263 Facebook Users’ Data Requested By Singapore Government Includes Account Data, Content Restrictions And IP Address Logs
Singapore’s government apparently requested for user details of 263 Facebook users from January to June 2017, according to Facebook’s bi-annual Transparency Report.
These details may have included data from Facebook Messenger, WhatsApp and Instagram.
But should there be any cause for concern for Singaporeans? In short, not at all.
Unless you have something to hide, of course.
We answer your burning questions about what this ‘Transparency Report’ by Facebook really entails.
User details include account data, content restrictions and IP address logs
The million-dollar question is simply, what kind of ‘user details’ are we talking about?
Facebook clarifies that the ‘details’ revealed to law enforcers refer to:
- Basic subscriber information
- IP address logs
- Account content
These are only provided to the government as part of official investigations, in many cases.
As for what data is released in minority cases, Facebook does not clarify further on this.
But according to Facebook, the vast majority of requests relate to criminal cases, like robberies or kidnappings.
So if you have committed no crimes, technically you wouldn’t have to fear having your Facebook likes and posts analysed by the government.
Facebook frequently shares basic subscriber information only
What happens in most cases when government officials request for data?
Facebook states that they “frequently share only basic subscriber information” with the government.
Although no one but Facebook actually knows how ‘frequently’ basic subscriber information is shared, what does this information include?
Facebook may surrender the following information about your social media profiles to the government:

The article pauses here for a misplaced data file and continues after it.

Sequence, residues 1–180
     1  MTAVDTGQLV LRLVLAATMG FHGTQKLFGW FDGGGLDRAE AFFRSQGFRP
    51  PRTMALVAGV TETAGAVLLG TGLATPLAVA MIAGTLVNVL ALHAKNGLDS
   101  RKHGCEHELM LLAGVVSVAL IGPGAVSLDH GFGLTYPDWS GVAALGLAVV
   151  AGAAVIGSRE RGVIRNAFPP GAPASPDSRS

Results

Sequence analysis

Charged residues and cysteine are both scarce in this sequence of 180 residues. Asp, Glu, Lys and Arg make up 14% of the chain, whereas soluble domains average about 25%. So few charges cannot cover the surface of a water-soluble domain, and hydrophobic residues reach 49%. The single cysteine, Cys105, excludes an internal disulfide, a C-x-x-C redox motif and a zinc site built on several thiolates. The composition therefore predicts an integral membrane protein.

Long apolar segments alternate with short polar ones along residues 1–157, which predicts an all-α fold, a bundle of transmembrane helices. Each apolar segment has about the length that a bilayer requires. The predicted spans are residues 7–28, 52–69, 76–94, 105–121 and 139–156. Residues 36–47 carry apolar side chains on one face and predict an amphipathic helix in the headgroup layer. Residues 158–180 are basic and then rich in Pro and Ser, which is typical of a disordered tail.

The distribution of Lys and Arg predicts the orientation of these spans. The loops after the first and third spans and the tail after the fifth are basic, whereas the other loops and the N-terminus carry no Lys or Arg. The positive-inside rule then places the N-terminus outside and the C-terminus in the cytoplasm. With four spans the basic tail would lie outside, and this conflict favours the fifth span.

- User Identification Number
- Email address
- Date and time of account creation
- Most recent logins
- Mobile number
- Verification if the account is publicly viewable
To be fair, this is taken from Facebook’s document to legal enforcement officers dated back in 2009. We’re not sure if this policy has been updated since then.
59% success rate by Singapore government in obtaining user details
Of course, it sounds extremely scary that all your data hosted on chat messaging app WhatsApp and social sharing app Instagram are at Facebook’s disposal.
But before you start panicking about the government accessing all your personal data without your permission, hear us out.
Facebook’s bi-annual Transparency Report is part of their efforts to remain transparent about the kind of data that they share with governments around the world.
This means that the Singapore’s government is not the only one that makes such requests to Facebook. Singapore also ranks a mere 26th among the 129 countries listed.
Also, it seems that the our government was only 59% successful in all of their requests for our details on social media.
Facebook only entertains valid and specific requests
When we take a look at the actual transparency report hosted onsite, Facebook has clarified that they will only respond to valid requests relating to criminal cases.
Furthermore, every request received is “checked for legal sufficiency”.
This means that Facebook will look into how valid the government’s request for data is, before proceeding to release the information.
Facebook also reserves the right to “reject or require greater specificity on requests that are overly broad or vague”.
So don’t worry, requests for your personal data on Facebook, WhatsApp or Instagram will only be entertained by Facebook if it is specific and valid.
Facebook preserves account records up to 90 days for criminal investigations
Facebook entertains preservation requests, which refer to keeping account records “in connection with official criminal investigations” intact for up to 90 days.
However, this only applicable when Facebook receives official confirmation of a “formal legal process”.
And how is this process started? Law enforcement officers have to fill in this form on Facebook:
Thankfully, law enforcement officers will have to verify their identities with Facebook before they can request for information.
If a regular person were to try to pull the same stunt, they will be subject to prosecution under the law.
Transparency app-lies to everyone
We are led to wonder what other social sharing apps do with our data, when it’s their turn to cooperate with the government.
As it turns out, other apps also have similar policies.
Facebook helpfully links you to other transparency reports including Apple, Dropbox, Google, LinkedIn, Pinterest, Tumblr, Twitter and Yahoo on their page.
We may have just opened a can of worms.
Then again, most of us don’t have much to worry about. After all, only 263 out of 3.5 million Facebook users’ details were requested by the government in Singapore.
We’ll just have to take our chances with those odds for now.